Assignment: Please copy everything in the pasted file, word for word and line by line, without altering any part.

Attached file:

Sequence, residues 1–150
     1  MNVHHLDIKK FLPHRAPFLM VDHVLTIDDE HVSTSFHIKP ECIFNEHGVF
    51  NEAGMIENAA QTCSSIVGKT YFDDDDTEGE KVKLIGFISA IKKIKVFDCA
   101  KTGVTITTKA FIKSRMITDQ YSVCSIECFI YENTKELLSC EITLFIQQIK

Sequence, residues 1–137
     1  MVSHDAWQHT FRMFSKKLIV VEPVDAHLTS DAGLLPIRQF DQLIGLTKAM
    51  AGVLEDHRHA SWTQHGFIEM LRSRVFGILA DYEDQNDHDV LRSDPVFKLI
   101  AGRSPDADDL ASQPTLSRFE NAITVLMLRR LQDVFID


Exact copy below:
Sequence, residues 1–150
     1  MNVHHLDIKK FLPHRAPFLM VDHVLTIDDE HVSTSFHIKP ECIFNEHGVF
    51  NEAGMIENAA QTCSSIVGKT YFDDDDTEGE KVKLIGFISA IKKIKVFDCA
   101  KTGVTITTKA FIKSRMITDQ YSVCSIECFI YENTKELLSC EITLFIQQIK

Sequence, residues 1–137
     1  MVSHDAWQHT FRMFSKKLIV VEPVDAHLTS DAGLLPIRQF DQLIGLTKAM
    51  AGVLEDHRHA SWTQHGFIEM LRSRVFGILA DYEDQNDHDV LRSDPVFKLI
   101  AGRSPDADDL ASQPTLSRFE NAITVLMLRR LQDVFID